U.K. Judges May Quit Hong Kong in Wake of National Security Law
(Bloomberg) -- The U.K.’s most senior judge warned that British judges would quit their roles in Hong Kong if the national security law threatened the independence of the courts.
Justice Robert Reed, the president of the Supreme Court, said it supports Hong Kong judges “in their commitment to safeguard judicial independence and the rule of law.” The Supreme Court will “continue to assess the situation,” the judge said in a statement Friday.
“The new security law contains a number of provisions which give rise to concerns,” Reed said in an unprecedented intervention on the situation in Hong Kong. “Its effect will depend upon how it is applied in practice.”
The legislation, which has been denounced by democracy activists, has abruptly imposed far-reaching changes on the financial hub’s common law system. It gives Hong Kong’s chief executive the power to appoint judges to handle criminal cases brought under the law while the Beijing government will also have jurisdiction over “complex” cases relating to foreign influence or other “serious circumstances.”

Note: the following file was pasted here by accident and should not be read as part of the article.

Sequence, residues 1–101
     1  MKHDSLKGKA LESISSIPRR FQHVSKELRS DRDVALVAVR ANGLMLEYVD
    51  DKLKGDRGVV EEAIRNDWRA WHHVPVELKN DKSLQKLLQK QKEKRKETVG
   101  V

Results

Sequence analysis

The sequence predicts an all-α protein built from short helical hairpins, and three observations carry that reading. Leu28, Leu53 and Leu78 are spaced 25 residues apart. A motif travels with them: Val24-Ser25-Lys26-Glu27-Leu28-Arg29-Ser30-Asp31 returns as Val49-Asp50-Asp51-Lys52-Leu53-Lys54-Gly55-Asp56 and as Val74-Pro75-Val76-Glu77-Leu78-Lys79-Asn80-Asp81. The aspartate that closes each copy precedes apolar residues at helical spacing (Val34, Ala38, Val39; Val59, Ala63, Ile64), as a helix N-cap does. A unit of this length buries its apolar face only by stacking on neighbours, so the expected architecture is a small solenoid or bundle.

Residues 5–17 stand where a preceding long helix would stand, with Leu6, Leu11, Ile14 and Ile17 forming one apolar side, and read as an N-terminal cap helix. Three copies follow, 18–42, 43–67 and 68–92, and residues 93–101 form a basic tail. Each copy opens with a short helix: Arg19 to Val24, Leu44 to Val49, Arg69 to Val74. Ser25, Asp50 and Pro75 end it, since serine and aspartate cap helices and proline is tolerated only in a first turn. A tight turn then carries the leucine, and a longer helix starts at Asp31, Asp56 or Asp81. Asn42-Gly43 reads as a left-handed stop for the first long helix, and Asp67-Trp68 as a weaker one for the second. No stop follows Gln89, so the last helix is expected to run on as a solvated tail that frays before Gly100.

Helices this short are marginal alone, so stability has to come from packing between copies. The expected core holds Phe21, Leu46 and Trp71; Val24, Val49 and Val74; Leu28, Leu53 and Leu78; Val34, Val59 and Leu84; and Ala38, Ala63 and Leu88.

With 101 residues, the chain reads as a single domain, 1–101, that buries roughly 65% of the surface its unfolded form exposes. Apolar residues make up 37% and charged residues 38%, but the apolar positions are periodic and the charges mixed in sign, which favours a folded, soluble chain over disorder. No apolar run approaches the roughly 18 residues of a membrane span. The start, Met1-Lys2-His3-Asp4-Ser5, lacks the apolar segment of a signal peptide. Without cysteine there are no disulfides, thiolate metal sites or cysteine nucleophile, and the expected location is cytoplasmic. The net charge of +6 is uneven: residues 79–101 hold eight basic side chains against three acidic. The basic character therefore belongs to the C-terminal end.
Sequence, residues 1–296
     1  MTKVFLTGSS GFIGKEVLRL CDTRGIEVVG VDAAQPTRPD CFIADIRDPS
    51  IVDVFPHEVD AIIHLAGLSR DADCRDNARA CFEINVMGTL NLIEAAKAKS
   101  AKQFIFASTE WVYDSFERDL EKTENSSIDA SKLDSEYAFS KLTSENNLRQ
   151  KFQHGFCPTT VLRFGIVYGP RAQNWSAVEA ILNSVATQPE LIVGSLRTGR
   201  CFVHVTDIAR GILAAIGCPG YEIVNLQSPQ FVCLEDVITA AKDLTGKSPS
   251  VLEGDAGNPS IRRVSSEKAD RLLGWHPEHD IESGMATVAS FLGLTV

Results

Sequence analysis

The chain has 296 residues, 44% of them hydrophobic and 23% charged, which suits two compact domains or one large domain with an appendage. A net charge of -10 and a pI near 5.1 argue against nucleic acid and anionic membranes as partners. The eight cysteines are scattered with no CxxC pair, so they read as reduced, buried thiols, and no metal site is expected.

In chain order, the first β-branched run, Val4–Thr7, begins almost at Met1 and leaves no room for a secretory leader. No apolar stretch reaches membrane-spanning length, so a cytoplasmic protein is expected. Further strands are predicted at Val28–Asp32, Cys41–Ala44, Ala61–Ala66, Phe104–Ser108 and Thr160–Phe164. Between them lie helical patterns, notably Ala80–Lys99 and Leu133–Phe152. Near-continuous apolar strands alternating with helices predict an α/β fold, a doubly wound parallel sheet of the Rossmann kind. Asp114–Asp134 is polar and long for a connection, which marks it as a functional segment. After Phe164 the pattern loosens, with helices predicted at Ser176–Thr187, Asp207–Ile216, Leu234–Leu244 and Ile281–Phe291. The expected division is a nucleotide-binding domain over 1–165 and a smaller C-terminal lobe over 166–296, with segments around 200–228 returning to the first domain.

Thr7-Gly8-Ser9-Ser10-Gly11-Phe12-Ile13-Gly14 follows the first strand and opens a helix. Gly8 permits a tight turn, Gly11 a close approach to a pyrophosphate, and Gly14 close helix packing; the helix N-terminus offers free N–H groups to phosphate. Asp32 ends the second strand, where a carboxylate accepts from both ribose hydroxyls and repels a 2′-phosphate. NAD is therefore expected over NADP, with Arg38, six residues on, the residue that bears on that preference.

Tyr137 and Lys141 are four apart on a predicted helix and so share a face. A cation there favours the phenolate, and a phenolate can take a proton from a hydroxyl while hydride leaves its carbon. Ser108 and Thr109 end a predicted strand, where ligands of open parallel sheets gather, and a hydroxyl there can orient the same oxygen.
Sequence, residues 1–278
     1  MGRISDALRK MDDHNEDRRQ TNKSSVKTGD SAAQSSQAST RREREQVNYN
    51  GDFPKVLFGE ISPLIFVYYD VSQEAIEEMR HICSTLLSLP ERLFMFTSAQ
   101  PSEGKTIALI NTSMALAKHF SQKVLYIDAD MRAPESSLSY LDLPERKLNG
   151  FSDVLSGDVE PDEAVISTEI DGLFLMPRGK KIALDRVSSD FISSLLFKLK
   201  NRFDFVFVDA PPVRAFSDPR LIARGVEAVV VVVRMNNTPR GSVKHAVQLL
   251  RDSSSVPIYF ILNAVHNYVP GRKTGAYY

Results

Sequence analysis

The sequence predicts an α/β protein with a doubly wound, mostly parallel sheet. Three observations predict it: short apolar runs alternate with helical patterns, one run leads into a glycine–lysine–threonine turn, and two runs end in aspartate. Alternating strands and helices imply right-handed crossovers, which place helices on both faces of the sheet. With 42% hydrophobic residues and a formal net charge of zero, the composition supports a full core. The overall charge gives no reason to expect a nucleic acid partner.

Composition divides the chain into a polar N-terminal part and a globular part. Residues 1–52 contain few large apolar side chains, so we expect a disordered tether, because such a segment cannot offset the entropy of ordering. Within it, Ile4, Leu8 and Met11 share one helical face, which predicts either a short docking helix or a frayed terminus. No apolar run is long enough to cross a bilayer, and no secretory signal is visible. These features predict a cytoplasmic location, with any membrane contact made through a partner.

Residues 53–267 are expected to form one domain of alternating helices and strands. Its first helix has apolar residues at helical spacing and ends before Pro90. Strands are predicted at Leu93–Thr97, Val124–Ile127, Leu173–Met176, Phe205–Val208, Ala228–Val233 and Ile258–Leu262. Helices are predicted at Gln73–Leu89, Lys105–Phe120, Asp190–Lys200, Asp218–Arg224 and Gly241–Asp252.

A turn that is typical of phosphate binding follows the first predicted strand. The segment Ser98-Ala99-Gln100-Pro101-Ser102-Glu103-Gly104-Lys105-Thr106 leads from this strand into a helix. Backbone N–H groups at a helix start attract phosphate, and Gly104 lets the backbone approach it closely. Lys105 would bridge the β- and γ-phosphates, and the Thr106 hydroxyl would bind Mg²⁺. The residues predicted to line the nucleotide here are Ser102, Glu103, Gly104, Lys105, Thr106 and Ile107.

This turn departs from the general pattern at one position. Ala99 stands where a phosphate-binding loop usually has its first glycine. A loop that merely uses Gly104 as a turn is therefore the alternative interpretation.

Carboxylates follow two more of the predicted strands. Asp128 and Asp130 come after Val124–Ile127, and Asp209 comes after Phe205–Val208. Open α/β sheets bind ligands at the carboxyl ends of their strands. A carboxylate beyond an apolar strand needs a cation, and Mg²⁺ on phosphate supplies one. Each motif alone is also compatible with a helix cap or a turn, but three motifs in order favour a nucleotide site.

Ever since the handover in 1997, the U.K. has provided two sitting judges to hear cases at Hong Kong’s Court of Final Appeal. Justice Brenda Hale, the former president of the Supreme Court, was due to sit in Hong Kong earlier this year, before the pandemic curtailed travel.
Hong Kong Chief Justice Geoffrey Ma affirmed in a statement after the law’s passage that judicial independence and the rule of law were “cornerstones of the Hong Kong community.” “It remains the mission and the constitutional duty of the Hong Kong judiciary to maintain and protect them,” Ma said.
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